Blazing Bagels: The Alan Vega Story Thinkbabymusic Collective

Blazing Bagels: The Alan Vega Story
Words: Major Tom Alexopoulos
Photography © The Deitch Projects

Thinkbabymusic © In—Print Issue #04, 2016

Alan Vega (June 23, 1938—July 16, 2016) was an American singer/songwriter and visual artist, primarily known for his work with his electronic proto—punk duo Suicide. To fuel the myth, Alan studied physics and fine arts in collage and later joined the Art Workers’ Coalition. This radical group pressured politicians to fund the co-op MUSEUM: A Project of Living Artists. It was an artist-run, 24-hour multimedia gallery in Manhattan, open to all artists and musicians for free. That’s where Alan and Martin Reverby, later Rev, met and hooked up. Alan played trumpet, and Martin played the drums. They also worked as salaried janitors there.

Alan was calling himself Alan Suicide, and moved on from painting, to creating light sculptures, constructed with electronic debris. He was given gallery residencies in SoHo, where he continued to show his work well into the 1980's. But everything was about to change in the summer of ’69. Alan saw Iggy Pop and the Stooges perform a 20 minute live opening show for the MC5. Vega totally lost it, he had an epiphany. Martin had a shoddy farfisa organ lying around, one with many preset buttons but every the sound were the same. The boys began buying and hooking up used, $10 dollar effects pedals, just to get different sounds out it. Eventually, they bought a drum machine for $30 from a family whose daughter had just committed suicide a few weeks prior. The FX chain was now complete. They found their sound, began experimenting, wrote music, and formed the band Suicide.

The group played at the MUSEUM, moved on to the OK Harris Gallery, and then performed at the Mercer Arts Center, Max’s Kansas City, and CBGB’s. Easy, right? Wrong. They were hated. Suicide a band? Two schmucks and no drummer, no guitars? Marty did the noise/beats/music while Alan did his Iggy/James Brown thing, got in people’s faces, jumped on tables, knocked over drinks, prompted fights. David Johansen of the New York Dolls was into it right away. Most of the other New York bands hated Suicide, as did most of the venues’ patrons. Fights broke out at almost every show. The hip - alternative US press ignored them for the most part. The hipsters of the time just didn’t get it. And those that did, couldn’t explain it. Suicide waited almost 6 years to get signed and record in a real studio. When their first album was finally released in the US, there was almost no reaction. The rest of the world dug it. American corporate FM radio didn’t want to touch it.

At first, Rolling Stone Magazine pissed on Alan and Martin’s album. Today, it lists ‘Suicide’ among their 500 Greatest Albums of All Time. The Clash set up their UK tour, and didn’t want an opening act that sounded or resembled them. Mick Jones liked Suicide’s first album and so, Suicide ended up opening for both the Clash and Elvis Costello. But once again, all hell broke out at almost every show. The skinheads in the crowd threw bottles at them, an axe narrowly missed Alan’s head in Glasgow. A wrench connected. It was as much confrontational performance art, as it was a music performance. There were no art fans in the crowds that came to see the headliners on this tour, these angry people were horrifying. One could not mistake these Clash fans for being anything close to artsy, and it would be difficult to pick any single one as the most frightening. It’s almost impossible to imagine anyone lecturing these crowds about not stage-diving. The bouncers held back crowds rushing the stage. Sometimes it worked. Often, it didn’t.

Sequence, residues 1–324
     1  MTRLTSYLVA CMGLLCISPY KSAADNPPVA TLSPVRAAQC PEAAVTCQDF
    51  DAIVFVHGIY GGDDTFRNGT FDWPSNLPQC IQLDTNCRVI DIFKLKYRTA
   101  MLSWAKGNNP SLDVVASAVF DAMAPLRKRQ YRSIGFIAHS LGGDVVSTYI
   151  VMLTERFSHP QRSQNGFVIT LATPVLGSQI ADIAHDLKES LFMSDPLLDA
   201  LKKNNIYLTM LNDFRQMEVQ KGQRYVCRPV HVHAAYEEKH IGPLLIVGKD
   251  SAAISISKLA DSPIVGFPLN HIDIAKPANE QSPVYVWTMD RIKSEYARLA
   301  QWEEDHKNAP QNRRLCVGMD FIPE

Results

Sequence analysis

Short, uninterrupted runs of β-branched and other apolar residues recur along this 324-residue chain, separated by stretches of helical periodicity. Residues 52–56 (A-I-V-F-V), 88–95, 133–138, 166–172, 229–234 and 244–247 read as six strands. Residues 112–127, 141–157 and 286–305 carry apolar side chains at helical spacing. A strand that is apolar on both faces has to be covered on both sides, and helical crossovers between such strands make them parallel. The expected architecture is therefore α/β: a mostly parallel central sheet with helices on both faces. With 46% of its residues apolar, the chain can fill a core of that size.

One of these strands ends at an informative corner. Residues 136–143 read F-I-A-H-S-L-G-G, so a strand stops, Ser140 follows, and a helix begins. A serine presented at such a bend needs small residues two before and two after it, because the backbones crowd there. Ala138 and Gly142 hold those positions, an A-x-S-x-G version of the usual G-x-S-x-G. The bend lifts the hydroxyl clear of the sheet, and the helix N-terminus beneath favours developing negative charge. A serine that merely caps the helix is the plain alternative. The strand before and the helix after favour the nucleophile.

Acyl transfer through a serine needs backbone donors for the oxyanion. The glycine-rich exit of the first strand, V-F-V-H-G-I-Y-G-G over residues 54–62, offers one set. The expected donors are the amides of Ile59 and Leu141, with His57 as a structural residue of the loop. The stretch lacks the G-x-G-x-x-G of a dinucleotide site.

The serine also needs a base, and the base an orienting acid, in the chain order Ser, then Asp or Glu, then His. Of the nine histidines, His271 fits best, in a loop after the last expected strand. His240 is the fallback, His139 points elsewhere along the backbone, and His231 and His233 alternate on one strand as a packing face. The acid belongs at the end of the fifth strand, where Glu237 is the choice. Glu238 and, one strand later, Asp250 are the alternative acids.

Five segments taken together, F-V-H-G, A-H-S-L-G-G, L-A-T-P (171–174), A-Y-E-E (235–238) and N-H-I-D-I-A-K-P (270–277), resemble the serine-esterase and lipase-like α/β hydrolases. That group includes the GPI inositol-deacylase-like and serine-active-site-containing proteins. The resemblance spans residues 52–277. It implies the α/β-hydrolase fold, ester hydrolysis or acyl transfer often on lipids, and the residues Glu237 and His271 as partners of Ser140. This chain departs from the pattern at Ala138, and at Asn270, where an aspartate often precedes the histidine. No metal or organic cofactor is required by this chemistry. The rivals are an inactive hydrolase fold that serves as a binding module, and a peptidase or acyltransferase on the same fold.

Soaked in sweat, and scared shitless, Alan had a flashback, and initiated his Iggy Pop moves. He broke a bottle, picked up a piece of glass, walked to the front of the stage, cut his cheek, and the few drops of blood that oozed out, mixed with the ounces of perspiration, and spread out like a gallon of gore. The crowd backed off. This became a ritual for staying alive. After all, they hated him for defiling their Rock and Roll religion. The support tours soon came to a close. Finally, at a solo show Edinburgh, Suicide is performing and the lights go out. Alan sees shadows moving around, and he thinks they are about to be rushed by the crowd, in yet another attempt to sacrifice the ‘synth-yank-wanks’ on the alter of the gods of Rock. Alan has his chain ready.

Ultimately though, Thanatos looked at his Rolex and saw it was time to collect. The artist formerly known as Boruch Alan Bermowitz died in his sleep at the age of 78. His death was announced by musician and radio host Henry Rollins. Alan and Martin drew the blueprints for proto—punk, analogue synth, funk, pop, rock, psychobilly, whatever. They finally achieved the international recognition they so richly deserved, both with Suicide and as solo artists. They hungered for it. They fought for it, and they bled for it.

(Major) Tom Alexopoulos is a Greek, American journalist, producer, and radio presenter, also known for his residency at AIR 104.4 FM, Athens, as well as his long—standing editorship at Thinkbabymusic. Alan Vega: Dream Baby Dream, hosted at The Deitch Projects, 2017. Featuring video projections of Suicide performances, selected light sculptures, and works on paper from the 1970's onward.